Gardens, nettles…and sustainability!

“The way to do really big things is to do really small things, and grow them bigger”

Paul Graham

An Interview with Salome Njeri Mwangi, coordinator of the Slow Food Karirikania Family Garden in Kenya

How did you discover Slow Food and for how long have you been involved in its activities?
I discovered Slow Food through an Ngo called NECOFA (Network for Eco-farming in Africa). This is when the Mau Forest Dried Nettle Presidium started. We were taken through several trainings on organic farming and garden management. This inspired me and I decided to start a Slow Food garden. I have been involved in Slow Food activities for almost six years.

Do you think that Presidia project is a model that can help in saving traditional foods that are disappearing and also help in strengthening the local economy?
Yes, stinging nettle was in the verge of disappearance due to the deforestation of the Mau Forest. When I was a young girl, nettle was growing spontaneously in many forests across the country but this has become a thing of the past. Through the project we are ensuring the survival of this product by growing, eating, selling it and ensuring that the knowledge is passed from one generation to the next through involvement of children in the project. Through the project we have been teaching the community members on healthy eating. The project encouraged us to start a small fund (we give small loans to members of the producer group at a lower interest rate) which allows us to finance some of our activities in order to ensure their sustainability.

Your garden is one of the best in Kenya; what inspires you?
One of the things that has really inspired me is the training and support I have received from Slow Food, which has enabled me to grow food without any chemicals. I have also received several visitors from different organizations (both local and international) as recognition of the work that I am doing. I cannot forget the health benefits of growing food organically in my garden and the financial returns I get from the garden. I can’t remember the last time I bought food from outside.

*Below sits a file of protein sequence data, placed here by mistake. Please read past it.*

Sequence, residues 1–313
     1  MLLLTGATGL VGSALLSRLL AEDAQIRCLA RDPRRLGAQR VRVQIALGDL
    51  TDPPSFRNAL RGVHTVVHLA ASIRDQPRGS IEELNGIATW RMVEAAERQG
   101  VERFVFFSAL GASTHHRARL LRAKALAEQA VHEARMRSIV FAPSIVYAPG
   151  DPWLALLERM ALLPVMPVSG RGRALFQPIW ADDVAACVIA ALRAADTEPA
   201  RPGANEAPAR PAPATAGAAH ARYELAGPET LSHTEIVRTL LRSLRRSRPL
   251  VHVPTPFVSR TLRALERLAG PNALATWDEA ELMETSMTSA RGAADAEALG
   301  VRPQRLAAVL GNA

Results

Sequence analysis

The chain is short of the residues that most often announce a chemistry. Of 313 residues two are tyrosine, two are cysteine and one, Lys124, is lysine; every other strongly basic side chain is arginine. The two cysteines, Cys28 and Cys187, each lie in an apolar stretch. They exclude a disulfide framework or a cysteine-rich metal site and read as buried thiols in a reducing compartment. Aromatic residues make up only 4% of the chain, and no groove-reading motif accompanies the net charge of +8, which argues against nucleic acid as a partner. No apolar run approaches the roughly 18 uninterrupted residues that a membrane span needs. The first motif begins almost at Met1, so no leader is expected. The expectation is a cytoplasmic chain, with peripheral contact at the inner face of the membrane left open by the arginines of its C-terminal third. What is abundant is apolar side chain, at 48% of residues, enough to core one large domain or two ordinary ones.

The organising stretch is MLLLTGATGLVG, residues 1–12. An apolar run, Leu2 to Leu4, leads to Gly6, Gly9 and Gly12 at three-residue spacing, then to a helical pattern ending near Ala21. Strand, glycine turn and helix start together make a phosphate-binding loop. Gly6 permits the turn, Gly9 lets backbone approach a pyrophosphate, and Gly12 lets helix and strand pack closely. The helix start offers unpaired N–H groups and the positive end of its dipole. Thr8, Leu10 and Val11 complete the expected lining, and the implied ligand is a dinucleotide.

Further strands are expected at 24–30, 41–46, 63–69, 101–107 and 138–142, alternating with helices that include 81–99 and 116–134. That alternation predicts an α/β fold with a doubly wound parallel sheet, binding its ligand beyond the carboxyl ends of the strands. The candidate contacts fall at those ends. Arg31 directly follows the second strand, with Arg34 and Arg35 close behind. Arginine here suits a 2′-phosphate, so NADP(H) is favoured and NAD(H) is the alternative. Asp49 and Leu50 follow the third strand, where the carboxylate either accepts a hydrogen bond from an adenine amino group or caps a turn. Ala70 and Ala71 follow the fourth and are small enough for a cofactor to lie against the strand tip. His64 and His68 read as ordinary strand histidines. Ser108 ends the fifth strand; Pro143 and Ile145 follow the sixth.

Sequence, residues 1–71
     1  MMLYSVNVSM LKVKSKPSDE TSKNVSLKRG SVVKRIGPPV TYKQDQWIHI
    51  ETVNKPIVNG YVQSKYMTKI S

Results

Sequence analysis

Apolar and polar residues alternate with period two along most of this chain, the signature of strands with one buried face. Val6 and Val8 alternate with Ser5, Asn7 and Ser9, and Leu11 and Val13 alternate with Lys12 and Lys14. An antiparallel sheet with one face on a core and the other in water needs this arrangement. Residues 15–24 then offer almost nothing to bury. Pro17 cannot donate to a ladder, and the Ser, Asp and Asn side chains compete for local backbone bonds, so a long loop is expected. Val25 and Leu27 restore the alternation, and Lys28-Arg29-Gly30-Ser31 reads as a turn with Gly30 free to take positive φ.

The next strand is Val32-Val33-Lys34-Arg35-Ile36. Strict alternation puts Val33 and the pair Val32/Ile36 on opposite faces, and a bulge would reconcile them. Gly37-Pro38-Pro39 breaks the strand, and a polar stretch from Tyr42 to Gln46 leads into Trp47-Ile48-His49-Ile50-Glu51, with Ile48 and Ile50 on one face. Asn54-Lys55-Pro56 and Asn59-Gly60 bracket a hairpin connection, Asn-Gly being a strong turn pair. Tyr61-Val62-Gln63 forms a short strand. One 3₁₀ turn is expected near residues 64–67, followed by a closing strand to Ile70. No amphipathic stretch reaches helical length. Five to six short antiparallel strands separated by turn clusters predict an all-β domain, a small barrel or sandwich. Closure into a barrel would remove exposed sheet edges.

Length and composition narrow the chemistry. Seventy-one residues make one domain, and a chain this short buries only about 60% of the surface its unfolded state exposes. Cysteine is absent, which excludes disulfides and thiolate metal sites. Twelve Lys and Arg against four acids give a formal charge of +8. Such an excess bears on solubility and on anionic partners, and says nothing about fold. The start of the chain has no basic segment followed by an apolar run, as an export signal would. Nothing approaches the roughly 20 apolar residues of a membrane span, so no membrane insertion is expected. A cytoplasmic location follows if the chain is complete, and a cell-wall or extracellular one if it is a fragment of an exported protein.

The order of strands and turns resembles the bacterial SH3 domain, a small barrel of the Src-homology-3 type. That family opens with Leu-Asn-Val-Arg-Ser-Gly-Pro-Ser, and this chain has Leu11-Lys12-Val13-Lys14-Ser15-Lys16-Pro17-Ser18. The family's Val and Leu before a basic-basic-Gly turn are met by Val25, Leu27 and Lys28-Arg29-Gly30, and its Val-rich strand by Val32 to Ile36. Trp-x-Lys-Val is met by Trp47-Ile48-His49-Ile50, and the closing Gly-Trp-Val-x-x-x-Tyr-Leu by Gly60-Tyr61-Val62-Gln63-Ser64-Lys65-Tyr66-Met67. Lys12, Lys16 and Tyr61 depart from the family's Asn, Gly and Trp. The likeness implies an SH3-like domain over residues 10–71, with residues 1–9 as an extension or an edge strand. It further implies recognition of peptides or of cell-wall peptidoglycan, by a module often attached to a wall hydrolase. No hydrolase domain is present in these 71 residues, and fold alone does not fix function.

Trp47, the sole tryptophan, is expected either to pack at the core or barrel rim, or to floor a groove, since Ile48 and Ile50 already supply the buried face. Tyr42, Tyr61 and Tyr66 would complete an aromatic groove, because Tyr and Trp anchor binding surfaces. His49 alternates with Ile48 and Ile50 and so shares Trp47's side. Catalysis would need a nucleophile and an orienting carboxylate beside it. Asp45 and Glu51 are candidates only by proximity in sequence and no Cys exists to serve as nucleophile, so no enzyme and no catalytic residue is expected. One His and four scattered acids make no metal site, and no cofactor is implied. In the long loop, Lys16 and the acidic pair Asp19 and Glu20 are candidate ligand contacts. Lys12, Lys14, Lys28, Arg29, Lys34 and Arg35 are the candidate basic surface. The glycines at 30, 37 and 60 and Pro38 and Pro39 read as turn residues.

How many people are involved and benefit from the garden both directly and  indirectly?
I have an extended family of about 30 people who benefit from the garden on regular basis. About 500 neighbors have benefited either by buying vegetables or coming for trainings. I have hosted 52 women group from Kuresoi North and South Kenya sub counties for exchange visits.

For how long have you been involved in farming activities? Is there any  difference since you came into contact with Slow Food?
I have been farming for the last 25 years but started organic farming five years ago when I started interacting with Slow Food. I have benefited a lot in terms of reduced cost of inputs such as fertilizers and other agrochemicals. I have also learnt a lot about marketing and I am now selling my produce in kilograms and not in bags as I used to do. This gives me a better return as I avoid being cheated by middlemen. I have also started multiplying my own seeds and the positive thing is that some research institutions are referring farmers to me for planting materials. Slow Food has opened the world for me.

How do you manage the soil fertility?
I use farmyard manure and compost.

I realize you have been comparing organic and inorganic fertilizers, have you  noticed any difference?
When I started my garden, some people thought that I was crazy and that I would fail. My neighbors believed that organic agriculture could not produce enough for my family and the market. At the beginning the yields were very low but as I continued adding manure to the soil the yields started increasing. By looking at the color of the soil now, you can tell that both the soil structure and fertility has improved and this is at a very low cost because I also keep cows, sheep and chicken. I use their droppings as manure. A part from the small demonstration garden I also have a bigger field when I practice what I experiment on the demo. I have set aside a small control plot to compare the two types of agriculture. From the results obtained so far I can tell that, with patience, organic agriculture is a viable solution.

You have been using natural pesticides, how so you prepare them?